This is Pessl’s first novel and though I had problems with the plot and her writing style I do hope she writes more books, minus the footnotes in quotations. I would not hesitate to read another by her. After all, it is not often I dream about fictional characters.
If this book, then, is the next, more advanced step for the kids weaned on Speak and Gossip Girl, this book seems a lot more appropriate, at least in terms of the flat characters, the ultra-hip language and overly ambitious metaphors, the know-it-all aspect of the main character and her quirky citation gimmick, and the reliance on cliques and their issues to carry the story.
The post YA-approach makes a lot of this book more palatable than it would be otherwise, but it does not address all of the issues I have with this work. It is too long and fails to justify its length. The first three hundred pages ring of Cruel Intentions, but that seductive naughtiness is abandoned for a mystery-revelation ending that seems incongruously innocent and tacked on.
Overall, the book was an enjoyable read that kept me up far past bedtime on several occasions. It featured several creative flourishes that were entertaining (even the quiz at the end, cheesy as it was, was a unique way to add a little denouement.) This is the type of book I'd recommend to the right person.
I tore through it this weekend, I suspect I'm going to need to go back and read it again because even at the time I knew I was going too quickly, but it was that kind of a page-turner. Blue, the daughter of an eccentric professor who won't stay at a college for more than a semester, gets involved with an exclusive-yet-a-little-nuts clique during her senior year at her new prep school. Poor motherless Blue is pulled in about a million different directions by the various strong personalities of the students in the group, not to mention the dramatic and glamorous teacher who is its ringleader. It's one of those books where Incidents happen, and then there is Intrigue and later, Investigation. It's a very, very, very good and satisfyingly complex story. Some plot elements are a bit on the absurdist side, and yet they don't take away from the accuracy of the painful cringiness of high school.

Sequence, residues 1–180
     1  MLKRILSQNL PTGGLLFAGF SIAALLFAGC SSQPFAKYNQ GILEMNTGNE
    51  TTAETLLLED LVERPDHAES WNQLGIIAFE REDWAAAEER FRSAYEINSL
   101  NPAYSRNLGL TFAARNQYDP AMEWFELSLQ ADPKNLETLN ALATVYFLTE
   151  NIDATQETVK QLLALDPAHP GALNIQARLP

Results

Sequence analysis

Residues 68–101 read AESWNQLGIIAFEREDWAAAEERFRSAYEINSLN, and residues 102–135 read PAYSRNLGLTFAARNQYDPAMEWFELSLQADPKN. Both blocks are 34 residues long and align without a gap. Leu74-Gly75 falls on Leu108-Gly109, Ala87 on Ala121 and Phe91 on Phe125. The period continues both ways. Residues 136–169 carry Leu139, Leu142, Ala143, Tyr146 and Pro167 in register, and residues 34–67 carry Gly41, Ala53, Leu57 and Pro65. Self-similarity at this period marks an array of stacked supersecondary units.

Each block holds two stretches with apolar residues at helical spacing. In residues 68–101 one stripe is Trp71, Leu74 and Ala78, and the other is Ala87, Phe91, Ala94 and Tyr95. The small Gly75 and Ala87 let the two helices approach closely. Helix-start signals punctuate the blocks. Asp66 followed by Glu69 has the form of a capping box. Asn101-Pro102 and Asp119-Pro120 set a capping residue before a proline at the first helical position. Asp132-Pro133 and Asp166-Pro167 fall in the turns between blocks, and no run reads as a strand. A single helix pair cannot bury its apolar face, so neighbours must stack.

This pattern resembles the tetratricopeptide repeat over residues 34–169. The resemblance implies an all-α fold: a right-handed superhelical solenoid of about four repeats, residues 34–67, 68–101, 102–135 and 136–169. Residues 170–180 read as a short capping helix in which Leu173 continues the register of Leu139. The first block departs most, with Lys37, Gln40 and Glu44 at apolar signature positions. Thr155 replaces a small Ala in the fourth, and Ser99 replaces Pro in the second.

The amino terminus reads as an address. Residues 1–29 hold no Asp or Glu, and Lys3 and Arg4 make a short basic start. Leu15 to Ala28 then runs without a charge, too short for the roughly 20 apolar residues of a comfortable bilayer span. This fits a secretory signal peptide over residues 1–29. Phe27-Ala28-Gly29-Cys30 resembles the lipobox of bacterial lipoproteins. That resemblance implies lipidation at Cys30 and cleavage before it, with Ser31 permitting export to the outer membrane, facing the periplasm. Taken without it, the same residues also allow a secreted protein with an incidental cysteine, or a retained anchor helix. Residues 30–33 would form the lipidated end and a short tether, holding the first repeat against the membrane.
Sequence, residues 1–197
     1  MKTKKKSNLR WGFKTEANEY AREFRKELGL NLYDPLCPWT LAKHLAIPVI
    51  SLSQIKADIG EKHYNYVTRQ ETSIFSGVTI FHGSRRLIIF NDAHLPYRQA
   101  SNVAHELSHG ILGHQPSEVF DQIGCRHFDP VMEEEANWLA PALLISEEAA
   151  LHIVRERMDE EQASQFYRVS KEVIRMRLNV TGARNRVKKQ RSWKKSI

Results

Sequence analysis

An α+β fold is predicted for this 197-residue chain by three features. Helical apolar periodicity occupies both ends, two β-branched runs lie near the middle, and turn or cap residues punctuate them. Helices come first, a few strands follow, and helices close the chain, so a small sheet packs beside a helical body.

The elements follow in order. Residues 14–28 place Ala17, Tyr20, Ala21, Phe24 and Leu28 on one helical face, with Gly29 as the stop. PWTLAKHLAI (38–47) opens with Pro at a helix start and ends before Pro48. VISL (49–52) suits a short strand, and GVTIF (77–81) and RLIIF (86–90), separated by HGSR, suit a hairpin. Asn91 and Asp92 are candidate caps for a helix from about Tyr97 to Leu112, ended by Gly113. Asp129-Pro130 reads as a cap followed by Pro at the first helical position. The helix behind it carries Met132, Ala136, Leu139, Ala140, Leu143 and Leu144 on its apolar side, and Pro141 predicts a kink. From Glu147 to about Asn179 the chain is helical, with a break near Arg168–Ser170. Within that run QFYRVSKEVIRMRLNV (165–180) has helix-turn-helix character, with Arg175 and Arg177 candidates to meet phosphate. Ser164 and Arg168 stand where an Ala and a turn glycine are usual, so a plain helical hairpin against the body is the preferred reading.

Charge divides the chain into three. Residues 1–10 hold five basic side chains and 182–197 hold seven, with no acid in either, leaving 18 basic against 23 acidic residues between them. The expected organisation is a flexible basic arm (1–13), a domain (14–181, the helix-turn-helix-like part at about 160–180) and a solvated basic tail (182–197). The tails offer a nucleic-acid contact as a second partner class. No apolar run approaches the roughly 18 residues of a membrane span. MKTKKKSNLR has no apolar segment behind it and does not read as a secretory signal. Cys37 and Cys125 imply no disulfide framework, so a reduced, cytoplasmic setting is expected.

Recommended: Very much to people who like intricate plots, high drama, and cautionary tales of Clever People Behaving Badly.
Most interestingly the story is both a coming of age type story and a mystery. It kind of starts like a coming of age story (secluded brainy teen girl makes friends for the first time, finds out stuff about her families past, etc.) but the mystery takes over about halfway through and the coming of age takes a turn for the worse. Dark secrets and a few traumatic events invade the story and reshape the character in a way that you fully don't see coming until they hit you upside the head toward the end. Brilliantly done.
The main character, Blue, is the daughter of a pretentious poli-sci professor father who changes universities every three months. He's like a permanent visiting professor. For this reason, Blue has a very limited experience of life; no friends, just her dad and her books. It's like she's living through the words of her father and the words of the many authors that she is so familiar with it's scary. She relates everything she experiences to something she's read. The majority of the book takes place in her senior year of high school; her dad decides that senior year is important enough to stay in spot for the entire year (he wants her to be valedictorian, which you can't be if you've only been at a school for three months). I don't want to give away too much, so I'll just say that she has several experiences that completely change her world in an unexpected way.
I don't think I've really done justice to the book with this review. It's just so hard to explain why I liked it. It's one of those character books, I think. I just really liked Blue. Anyway, highly recommend it (especially if you are a character reader).
This is a childish bunch of words giddily thrown together like a teen-aged girl's nonstop verbal romp. And a bumpy romp it is, what with her encyclopedia's worth of book references in there every several narrative paragraphs. But not to take the references all that seriously, even when the ones that purport to be real are included, including (ESPECIALLY including) that precious one about her devouring the words of Mein Kampf by "the severe German chancellor." That's ALL she has to say about Hitler, who was not chancellor when he wrote it but in prison for the abortive Munich Beer Hall Putsch? And the illustrations that "she did herself"? Juvenile; worthy, maybe, of an 8th-grade poster.
I finally asked myself what I was doing spending time on this and
put it down, a long way from the finish.